Australian landscape architect Wil Whitfeld upgraded his design expertise by getting a Master’s Degree in environmental psychology at University of Surrey last year. Back in Sydney, where he recently started working at Oculus design studio, Wil eagerly accepted my proposition to do an interview about his study experience and the new insights it gave him. He also discusses his poetically titled dissertation research “Walking with your head in the clouds: The influence of pathway design on mindfulness, recall and affective state”, which he is presenting at this year’s EDRA conference in Los Angeles in less than a month.
Needless to say to those who, like me, wish to pursue a doctoral study in it, environmental psychology is an interdisciplinary field dealing with relations between humans and their environment. Its core idea is that where something happens matters, in a way that the environment influences how people feel and think and what they do. So, if you’re about to make a decision about getting a PhD in EnvPsych, you may want to make a choice consistent with the discipline by considering carefully where you’ll study it.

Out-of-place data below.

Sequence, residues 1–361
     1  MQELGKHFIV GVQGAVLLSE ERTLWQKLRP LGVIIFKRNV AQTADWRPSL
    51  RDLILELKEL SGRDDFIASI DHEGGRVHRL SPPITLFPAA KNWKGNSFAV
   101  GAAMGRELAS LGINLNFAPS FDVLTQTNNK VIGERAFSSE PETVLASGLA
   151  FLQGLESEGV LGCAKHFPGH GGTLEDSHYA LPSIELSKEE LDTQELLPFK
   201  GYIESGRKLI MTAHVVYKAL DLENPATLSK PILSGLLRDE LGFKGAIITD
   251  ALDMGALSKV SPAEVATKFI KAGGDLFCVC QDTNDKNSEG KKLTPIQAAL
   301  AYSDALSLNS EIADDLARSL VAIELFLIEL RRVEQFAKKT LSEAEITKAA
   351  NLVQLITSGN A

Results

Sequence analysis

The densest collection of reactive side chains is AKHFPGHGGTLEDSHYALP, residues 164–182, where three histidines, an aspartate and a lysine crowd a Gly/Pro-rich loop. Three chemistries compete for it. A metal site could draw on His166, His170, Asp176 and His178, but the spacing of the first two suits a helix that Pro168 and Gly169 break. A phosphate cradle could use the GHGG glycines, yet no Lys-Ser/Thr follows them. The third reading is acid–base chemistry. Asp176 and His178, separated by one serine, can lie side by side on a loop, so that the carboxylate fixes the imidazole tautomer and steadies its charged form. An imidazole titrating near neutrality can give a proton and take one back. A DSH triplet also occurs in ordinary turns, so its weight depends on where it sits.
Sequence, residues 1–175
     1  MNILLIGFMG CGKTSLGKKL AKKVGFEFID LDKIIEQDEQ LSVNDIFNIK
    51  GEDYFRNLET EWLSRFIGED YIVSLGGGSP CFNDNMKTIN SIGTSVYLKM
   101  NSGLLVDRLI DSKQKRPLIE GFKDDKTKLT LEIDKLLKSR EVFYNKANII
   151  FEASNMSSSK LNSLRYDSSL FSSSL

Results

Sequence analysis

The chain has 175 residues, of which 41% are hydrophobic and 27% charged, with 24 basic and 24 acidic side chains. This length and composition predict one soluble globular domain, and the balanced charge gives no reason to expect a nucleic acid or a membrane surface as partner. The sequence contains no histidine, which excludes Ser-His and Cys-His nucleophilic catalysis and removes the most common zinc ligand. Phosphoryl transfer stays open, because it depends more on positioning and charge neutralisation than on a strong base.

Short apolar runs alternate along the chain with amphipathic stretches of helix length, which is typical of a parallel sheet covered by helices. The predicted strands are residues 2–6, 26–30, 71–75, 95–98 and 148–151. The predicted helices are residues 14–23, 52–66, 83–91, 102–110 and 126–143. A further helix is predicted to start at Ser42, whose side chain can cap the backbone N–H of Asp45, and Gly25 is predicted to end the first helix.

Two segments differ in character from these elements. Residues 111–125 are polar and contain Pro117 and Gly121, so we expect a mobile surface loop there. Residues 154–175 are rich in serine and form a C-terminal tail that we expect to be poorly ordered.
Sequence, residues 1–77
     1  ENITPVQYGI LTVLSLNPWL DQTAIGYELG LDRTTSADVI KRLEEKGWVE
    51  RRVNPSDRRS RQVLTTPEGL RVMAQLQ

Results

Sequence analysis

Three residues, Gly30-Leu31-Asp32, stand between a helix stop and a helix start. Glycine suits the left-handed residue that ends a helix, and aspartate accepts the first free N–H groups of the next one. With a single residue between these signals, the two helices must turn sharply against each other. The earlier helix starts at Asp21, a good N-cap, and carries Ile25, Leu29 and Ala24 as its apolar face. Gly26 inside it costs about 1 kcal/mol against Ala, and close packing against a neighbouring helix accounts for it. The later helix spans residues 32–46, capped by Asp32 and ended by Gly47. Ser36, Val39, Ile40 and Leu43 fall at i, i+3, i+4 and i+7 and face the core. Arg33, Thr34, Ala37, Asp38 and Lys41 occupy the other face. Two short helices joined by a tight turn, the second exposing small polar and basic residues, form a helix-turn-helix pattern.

A look at people and their environment – natural, built and social; Slope day at Cornell University; photo by foreverdigital
It’s important to note that the environment can be defined very broadly, including natural environments, built environments and social settings. Also, learning environments and informational environments are especially interesting in this context.